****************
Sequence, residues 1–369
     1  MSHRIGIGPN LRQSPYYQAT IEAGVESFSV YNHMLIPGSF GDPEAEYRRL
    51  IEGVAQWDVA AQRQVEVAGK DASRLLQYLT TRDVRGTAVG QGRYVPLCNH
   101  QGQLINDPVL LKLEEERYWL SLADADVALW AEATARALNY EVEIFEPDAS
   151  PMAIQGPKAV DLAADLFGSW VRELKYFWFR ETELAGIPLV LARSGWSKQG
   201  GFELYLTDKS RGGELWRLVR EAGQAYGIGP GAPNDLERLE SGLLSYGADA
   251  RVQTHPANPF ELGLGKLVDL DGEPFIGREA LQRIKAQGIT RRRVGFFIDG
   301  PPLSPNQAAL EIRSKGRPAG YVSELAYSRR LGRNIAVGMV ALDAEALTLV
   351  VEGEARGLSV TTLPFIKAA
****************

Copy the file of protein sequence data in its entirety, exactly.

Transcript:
Sequence, residues 1–369
     1  MSHRIGIGPN LRQSPYYQAT IEAGVESFSV YNHMLIPGSF GDPEAEYRRL
    51  IEGVAQWDVA AQRQVEVAGK DASRLLQYLT TRDVRGTAVG QGRYVPLCNH
   101  QGQLINDPVL LKLEEERYWL SLADADVALW AEATARALNY EVEIFEPDAS
   151  PMAIQGPKAV DLAADLFGSW VRELKYFWFR ETELAGIPLV LARSGWSKQG
   201  GFELYLTDKS RGGELWRLVR EAGQAYGIGP GAPNDLERLE SGLLSYGADA
   251  RVQTHPANPF ELGLGKLVDL DGEPFIGREA LQRIKAQGIT RRRVGFFIDG
   301  PPLSPNQAAL EIRSKGRPAG YVSELAYSRR LGRNIAVGMV ALDAEALTLV
   351  VEGEARGLSV TTLPFIKAA